Cuts in local provision mean we are picking up less on people reporting low level mental health issues and instead waiting for them to hit crisis point before intervening.
Amber was motivated by the conversations taking place in York, which is the UK’s first and only declared Human Rights City. She felt ambitions linked well to the Campaign and was reassured that locally, a rights-based approach was being considered and slowly implemented across the Board.
When asked how to address local decision makers, Amber said;
“It’s a balance, we need to recognise progress and success – where efforts have been put in to respect our rights and to ensure our experience of the mental health system is safe and smooth, but it is also important to tell these individuals what is not working, where there are gaps and what matters to us as young people. In York, resource is low. I have spoken to key individuals from York Mind who have suggested waiting times for talking therapies can be anything up to a Year – 18 months. I struggled with an eating disorder myself in 2018, but couldn’t be seen by my local eating disorders unit as thresholds were too high for an 8-bed centre, and despite my internal organs shutting down one by one, I was made to travel and to pay for private treatment.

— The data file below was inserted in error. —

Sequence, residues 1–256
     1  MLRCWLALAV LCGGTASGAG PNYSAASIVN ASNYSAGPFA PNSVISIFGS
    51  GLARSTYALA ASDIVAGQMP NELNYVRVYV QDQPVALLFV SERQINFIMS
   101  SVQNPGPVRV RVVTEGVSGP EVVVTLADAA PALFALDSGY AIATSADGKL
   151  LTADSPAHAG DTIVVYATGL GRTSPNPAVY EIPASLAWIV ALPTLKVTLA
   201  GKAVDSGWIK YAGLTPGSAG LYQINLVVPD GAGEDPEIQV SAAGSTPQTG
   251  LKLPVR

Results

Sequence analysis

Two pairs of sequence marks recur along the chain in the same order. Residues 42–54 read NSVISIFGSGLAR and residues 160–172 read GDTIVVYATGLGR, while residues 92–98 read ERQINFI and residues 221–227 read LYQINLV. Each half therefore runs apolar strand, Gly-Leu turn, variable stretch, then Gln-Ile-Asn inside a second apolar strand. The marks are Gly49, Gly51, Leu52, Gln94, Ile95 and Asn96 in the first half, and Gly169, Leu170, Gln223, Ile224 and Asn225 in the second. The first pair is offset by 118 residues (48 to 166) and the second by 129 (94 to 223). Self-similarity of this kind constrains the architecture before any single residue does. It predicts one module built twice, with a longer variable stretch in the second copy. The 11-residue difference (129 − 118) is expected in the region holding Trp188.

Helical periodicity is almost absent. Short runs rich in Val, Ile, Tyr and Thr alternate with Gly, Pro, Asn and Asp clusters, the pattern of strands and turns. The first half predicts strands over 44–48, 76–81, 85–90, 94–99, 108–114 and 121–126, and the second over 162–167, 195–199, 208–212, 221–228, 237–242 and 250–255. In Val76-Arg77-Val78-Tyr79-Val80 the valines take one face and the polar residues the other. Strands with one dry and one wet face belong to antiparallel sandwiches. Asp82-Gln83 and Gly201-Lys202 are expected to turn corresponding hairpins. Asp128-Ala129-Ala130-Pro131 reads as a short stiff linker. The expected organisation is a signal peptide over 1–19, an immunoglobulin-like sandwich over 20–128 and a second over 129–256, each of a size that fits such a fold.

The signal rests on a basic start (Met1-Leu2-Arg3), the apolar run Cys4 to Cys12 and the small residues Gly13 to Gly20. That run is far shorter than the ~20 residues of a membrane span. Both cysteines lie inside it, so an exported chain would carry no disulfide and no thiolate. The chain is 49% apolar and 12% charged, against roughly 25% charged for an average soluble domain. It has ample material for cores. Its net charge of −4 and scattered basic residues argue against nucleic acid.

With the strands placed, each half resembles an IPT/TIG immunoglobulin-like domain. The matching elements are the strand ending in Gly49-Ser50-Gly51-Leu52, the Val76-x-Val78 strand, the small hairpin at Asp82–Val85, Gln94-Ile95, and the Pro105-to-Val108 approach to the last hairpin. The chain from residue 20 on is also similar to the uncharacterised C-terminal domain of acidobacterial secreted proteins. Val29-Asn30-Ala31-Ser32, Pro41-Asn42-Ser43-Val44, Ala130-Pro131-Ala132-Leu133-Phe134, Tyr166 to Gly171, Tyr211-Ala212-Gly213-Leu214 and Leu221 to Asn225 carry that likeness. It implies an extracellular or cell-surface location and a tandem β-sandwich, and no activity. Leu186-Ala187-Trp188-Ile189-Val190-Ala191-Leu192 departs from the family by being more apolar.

The closure of Bootham Psychiatric hospital in 2016 took a massive toll on waiting lists and referrals in the city, it forced and still forces York residents in need of vital support to travel to mental health facilities around the region and country, which carries significant patient risk. Cuts in local provision mean we are picking up less on people reporting low level mental health issues and instead waiting for them to hit crisis point before intervening. This approach has contributed to a rise in the number of people detained under the Mental Health Act, an Act that is often overly restrictive and inadequate in providing people with the support they need. Recent cuts in the York Mental Health Crisis line has also left those requiring the service with limited alternatives at a time when their work is much needed.
It is amazing to hear that York care about human rights, yet it is evident that there is still so much work to do to improve services – right now services are not available, they are not accessible and that is a problem.
Hearing from young people directly motivates me to speak out. I have case studies from 20+ young people, three of which come from York. I have heard terrible cases whereby the individual has been diagnosed and discharged in the same letter, where waiting lists to see a professional have been so long the individual has attempted to take their own life, and where young people have had to use all their savings for education and driving lessons to be seen by someone privately, due to high thresholds for statutory treatment.”
This Campaign asks those in power to take the Pledge to support and protect young people’s right to mental health.
Amber is a member of our newly recruited Our Minds Our Future Steering Group.